Wiener klinische Wochenschrift

, Volume 119, Issue 15–16, pp 456–462

Are probiotics detectable in human feces after oral uptake by healthy volunteers?

  • Martina Prilassnig
  • Christoph Wenisch
  • Florian Daxboeck
  • Gebhard Feierl
Original Article


GOALS: Assessment of the presence of probiotic bacteria in feces after oral ingestion. BACKGROUND: Probiotic bacteria are said to have beneficial effects on the host. As a precondition for any effect, probiotic strains must survive passage through the gastrointestinal tract. STUDY: The feces of seven volunteers were analyzed for the presence of probiotic strains after one week's oral ingestion of each of six commercially available products: E. coli Nissle 0.5–5 × 109 cells (Mutaflor®), Enterococcus faecium SF 68 7.5 × 107 cells (Bioflorin®), Lactobacillus acidophilus and Bifidobacterium infantis both 1 × 109 cells (Infloran®), Lactobacillus gasseri and Bifidobacterium longum both 1 × 108 cells (Omniflora®), Lactobacillus casei rhamnosus 1 × 109 cells (Antibiophilus®), and yoghurt enriched with Lactobacillus casei Immunitas 1 × 1010 cells (Actimel®). Ten colonies were selected from each stool sample, and DNA was extracted and typed using random amplification of polymorphic DNA (RAPD). Typing patterns of the ingested probiotics and the fecal isolates were compared. RESULTS: Fingerprints identical to the ingested probiotic strains were recovered from fecal samples of 4/7 volunteers after one week of Mutaflor®, from 4/6 after taking Bioflorin®, and from 1/6 after Infloran®. Cultivation of strains of the same species from fecal specimens was negative after consumption of Antibiophilus®, Omniflora® and Actimel®. CONCLUSIONS: After oral consumption of probiotics, E. coli and enterococci could be detected in stool samples (57% and 67%, respectively). In contrast, with only one exception, ingested lactobacilli and bifidobacteria could not be detected in human feces.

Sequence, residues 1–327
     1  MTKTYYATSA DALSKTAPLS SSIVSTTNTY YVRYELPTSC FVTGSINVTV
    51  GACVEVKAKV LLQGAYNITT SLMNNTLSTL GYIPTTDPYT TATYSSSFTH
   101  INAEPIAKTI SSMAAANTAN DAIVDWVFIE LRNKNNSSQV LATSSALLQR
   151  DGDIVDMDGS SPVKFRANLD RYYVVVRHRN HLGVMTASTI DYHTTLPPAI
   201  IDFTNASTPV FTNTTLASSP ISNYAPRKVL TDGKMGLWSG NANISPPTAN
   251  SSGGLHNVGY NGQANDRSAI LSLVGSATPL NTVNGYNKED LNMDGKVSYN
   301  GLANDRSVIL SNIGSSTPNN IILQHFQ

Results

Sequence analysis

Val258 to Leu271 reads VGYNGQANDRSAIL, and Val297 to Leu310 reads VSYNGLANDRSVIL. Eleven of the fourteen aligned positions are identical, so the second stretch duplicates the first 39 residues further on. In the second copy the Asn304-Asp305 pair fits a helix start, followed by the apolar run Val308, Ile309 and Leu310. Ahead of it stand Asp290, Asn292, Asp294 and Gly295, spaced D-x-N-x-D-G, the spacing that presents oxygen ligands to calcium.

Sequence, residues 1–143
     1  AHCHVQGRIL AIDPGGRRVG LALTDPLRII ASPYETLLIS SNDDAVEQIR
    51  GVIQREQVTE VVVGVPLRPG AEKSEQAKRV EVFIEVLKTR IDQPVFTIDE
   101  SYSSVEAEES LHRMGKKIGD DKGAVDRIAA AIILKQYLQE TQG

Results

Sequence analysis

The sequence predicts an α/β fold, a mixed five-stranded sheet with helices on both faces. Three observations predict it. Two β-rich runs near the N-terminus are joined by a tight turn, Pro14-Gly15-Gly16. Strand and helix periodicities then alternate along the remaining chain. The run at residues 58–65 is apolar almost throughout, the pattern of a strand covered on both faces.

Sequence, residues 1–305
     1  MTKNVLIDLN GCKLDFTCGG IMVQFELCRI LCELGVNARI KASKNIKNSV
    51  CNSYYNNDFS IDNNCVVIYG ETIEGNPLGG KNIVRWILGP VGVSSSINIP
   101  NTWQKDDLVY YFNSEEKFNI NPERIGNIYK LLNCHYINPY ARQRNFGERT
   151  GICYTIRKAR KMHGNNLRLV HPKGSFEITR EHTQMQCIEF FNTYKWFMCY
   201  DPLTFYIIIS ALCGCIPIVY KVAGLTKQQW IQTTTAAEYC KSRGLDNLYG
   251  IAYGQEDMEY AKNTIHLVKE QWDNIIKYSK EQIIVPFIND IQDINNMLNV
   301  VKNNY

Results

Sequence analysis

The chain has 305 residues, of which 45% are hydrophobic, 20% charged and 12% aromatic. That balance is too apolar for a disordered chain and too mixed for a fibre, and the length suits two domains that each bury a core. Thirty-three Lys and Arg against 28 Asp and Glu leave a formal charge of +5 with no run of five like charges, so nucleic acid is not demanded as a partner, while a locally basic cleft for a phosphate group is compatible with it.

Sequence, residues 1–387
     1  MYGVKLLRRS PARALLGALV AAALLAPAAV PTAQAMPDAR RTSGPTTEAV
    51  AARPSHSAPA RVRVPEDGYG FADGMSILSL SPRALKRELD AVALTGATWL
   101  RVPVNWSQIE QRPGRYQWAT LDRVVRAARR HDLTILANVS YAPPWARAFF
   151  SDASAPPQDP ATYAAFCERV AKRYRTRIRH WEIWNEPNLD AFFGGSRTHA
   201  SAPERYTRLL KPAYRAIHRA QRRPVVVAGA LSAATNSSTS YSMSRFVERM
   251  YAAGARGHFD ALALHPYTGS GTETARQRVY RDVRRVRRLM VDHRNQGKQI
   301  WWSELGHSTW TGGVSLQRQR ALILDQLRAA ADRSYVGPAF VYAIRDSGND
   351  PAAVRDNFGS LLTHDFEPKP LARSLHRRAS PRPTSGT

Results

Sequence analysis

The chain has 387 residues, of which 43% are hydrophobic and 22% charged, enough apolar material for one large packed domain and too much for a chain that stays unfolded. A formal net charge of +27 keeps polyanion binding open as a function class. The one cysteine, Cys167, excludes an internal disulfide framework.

Probiotics Intestinal colonization Random amplification of polymorphic DNA 

Sind Probiotika nach der oralen Aufnahme auch im Stuhl vorhanden?


ZIEL: Analyse der Anwesenheit von kommerziellen Probiotika in Stuhl nach oraler Aufnahme. HINTERGRUND: Probiotika wird häufig ein günstiger Effekt auf die Gesundheit nachgesagt. Eine Bedingung für jeglichen Effekt ist dabei das Überleben von Bakterien während der gastrointestinalen Passage. STUDIE: Nach einer einwöchigen oralen Aufnahme von sechs kommerziellen Probiotikapräparaten [E.coli Nissle 0.5–5 × 109 (Mutaflor®), Enterococcus faecium SF 68 7.5 × 107 (Bioflorin®), Lactobacillus acidophilus and Bifidobacterium infantis both 1 × 109 (Infloran®), Lactobacillus gasseri 108 and Bifidobacterium longum 108 (Omniflora®), Lactobacillus casei rhamnosus 109 (Antibiophilus®), und Yoghurt welches mittels Lactobacillus casei "immunitass" 1010 angereichert wurde (Actimel®)] wurde die An- bzw. Abwesenheit der ausgewiesenen Keime im Stuhl untersucht. Dabei wurden von jeder Stuhlprobe 10 Kolonien untersucht. Nach der DNA Extraktion kam die randomisierte Amplifikation polymorpher DNA zum Einsatz (RAPD). Danach wurden die RAPD Ergebnisse der Probiotikakeime direkt aus der kommerziellen Präparation mit den gewonnenen Stuhlisolaten verglichen. RESULTATE: Identische RAPD Ergebnisse zu den aufgenommenen Probiotika fand man bei den Stuhlproben von 4/7 Personen nach einer Woche Mutaflor®, bei 4/6 nach Bioflorin®, bei 1/6 nach Infloran®. Nach der Einahme von Antibiophilus®, Omniflora® oder Actimel® war eine Kultur von Bakterien der selben Species in Stuhlproben nicht möglich. SCHLUSSFOLGERUNG: Nach der oralen Einnahme von probiotischen E. coli und Enterokokken können die selben Erreger in Stuhlproben in 57 bzw 67% der studierten Population gefunden werden. Im Gegensatz dazu können oral aufgenommene Laktobazillen oder Bifidobakterien im Stuhl nicht gefunden werden.


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Copyright information

© Springer-Verlag 2007

Authors and Affiliations

  • Martina Prilassnig
    • 1
  • Christoph Wenisch
    • 1
  • Florian Daxboeck
    • 2
  • Gebhard Feierl
    • 3
  1. 1.4. Medizinische Abteilung mit Infektions- und TropenmedizinSMZ-Süd-Kaiser Franz Josef SpitalViennaAustria
  2. 2.Department of Hospital HygieneUniversity of ViennaViennaAustria
  3. 3.Institute of HygieneMedical University of GrazGrazAustria

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